Pack more food, spend more time in the mountains. Not saying you should go faster, but with 7 days of food for the southern section, you can't be spending too much time fishing at Evolution Lake either.
I'll be on or around the JMT this summer between June 30 and August 3. We're a group of 3 with 3 bear canisters for the southern section, 2 canisters in the northern sections (you can mail things out from the Muir Trail Ranch as well, so when we're heading north, one canister goes home by mail from the ranch).
We eat good, and we do a number of day hikes around the trail bagging some peaks. I've hiked th area about 10 times now, and if there's one rule of thumb, especially in the southern half of the trail it is that having enough food is the key to a fun trip.
Since the advent of bear canister requirements, the southern half of the trail has become logistically more difficult (more weight due to canister, less food fits inside unless you carry another one, which in turn is even more weight). Without resupply for over 108 miles you really have to stick to your plan, which is driven by how much food you can pack and how much you are going to eat.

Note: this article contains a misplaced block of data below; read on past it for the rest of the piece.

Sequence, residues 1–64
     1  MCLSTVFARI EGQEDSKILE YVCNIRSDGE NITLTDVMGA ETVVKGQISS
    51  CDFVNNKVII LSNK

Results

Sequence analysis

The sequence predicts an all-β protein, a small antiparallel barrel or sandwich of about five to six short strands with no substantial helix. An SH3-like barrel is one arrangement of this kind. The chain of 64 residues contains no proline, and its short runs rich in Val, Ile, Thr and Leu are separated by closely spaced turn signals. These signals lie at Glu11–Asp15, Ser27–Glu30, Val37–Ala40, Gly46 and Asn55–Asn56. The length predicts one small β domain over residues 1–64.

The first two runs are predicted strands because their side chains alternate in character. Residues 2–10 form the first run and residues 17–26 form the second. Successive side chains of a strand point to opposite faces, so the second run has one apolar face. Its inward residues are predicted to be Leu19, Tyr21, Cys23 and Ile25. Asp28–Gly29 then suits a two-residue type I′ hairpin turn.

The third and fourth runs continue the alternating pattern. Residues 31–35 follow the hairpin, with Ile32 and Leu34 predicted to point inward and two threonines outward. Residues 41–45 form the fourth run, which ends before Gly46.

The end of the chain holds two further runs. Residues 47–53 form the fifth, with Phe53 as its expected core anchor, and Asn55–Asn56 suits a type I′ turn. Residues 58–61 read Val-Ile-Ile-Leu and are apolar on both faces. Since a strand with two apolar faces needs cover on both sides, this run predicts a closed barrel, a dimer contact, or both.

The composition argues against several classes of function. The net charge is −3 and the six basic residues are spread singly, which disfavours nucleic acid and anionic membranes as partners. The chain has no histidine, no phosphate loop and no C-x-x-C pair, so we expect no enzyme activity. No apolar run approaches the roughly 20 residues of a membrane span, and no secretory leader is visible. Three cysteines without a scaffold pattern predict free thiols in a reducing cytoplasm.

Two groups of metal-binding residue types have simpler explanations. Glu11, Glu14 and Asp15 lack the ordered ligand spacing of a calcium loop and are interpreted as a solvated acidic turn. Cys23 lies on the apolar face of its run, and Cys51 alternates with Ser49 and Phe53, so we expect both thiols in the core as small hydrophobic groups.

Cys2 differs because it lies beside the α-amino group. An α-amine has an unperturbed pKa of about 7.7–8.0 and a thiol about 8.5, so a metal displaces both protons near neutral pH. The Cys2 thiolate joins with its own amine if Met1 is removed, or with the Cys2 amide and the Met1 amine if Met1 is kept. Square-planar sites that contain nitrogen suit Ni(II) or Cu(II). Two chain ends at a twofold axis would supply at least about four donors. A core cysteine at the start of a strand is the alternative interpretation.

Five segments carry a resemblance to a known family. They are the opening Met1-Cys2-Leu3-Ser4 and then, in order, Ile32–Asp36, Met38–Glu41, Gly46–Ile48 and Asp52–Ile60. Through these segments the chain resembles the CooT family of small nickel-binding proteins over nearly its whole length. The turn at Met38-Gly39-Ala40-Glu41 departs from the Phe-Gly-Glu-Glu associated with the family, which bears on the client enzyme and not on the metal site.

Resupply by horse packers is extremely expensive and almost impossible to do, since they cannot leave the food behind in the backcountry. Timing this is very difficult, unless you hike like clockwork. $500 for such a supply isn't worth it anyway.
Weather can be a factor - it cost us about 2 days last year - allegedly a "once in 5 year monsoonal event" - but hey, we ran right into it and as a result we were running low on food by the time we got across Mather, and that was the end of our hike: we had to exit at Taboose Pass, or we would have been out of food well before Whitney.
Re canister size - I have a Bearvault 500 and a Bearicade Expedition. The Expedition fits about 2 extra days of food over the BV500, while it weighs just little less. I was able to fit 5 days of food for 3 people (one adult, two 10-year-olds) into the Bearikade Expedition last summer, so you should easily fit 7-8 days into the Bearvault for one person.
Stay away from freeze dried Mountain House-like stuff - very bulky compared to packing your own pasta or minute rice meals that cook in just minutes. Gas cartriges don't have to fit into the bear canister, and in some select areas you can even cook on a wood fire. I think if you cook with kerosene, you must fit that into the canister just like all other things that smell.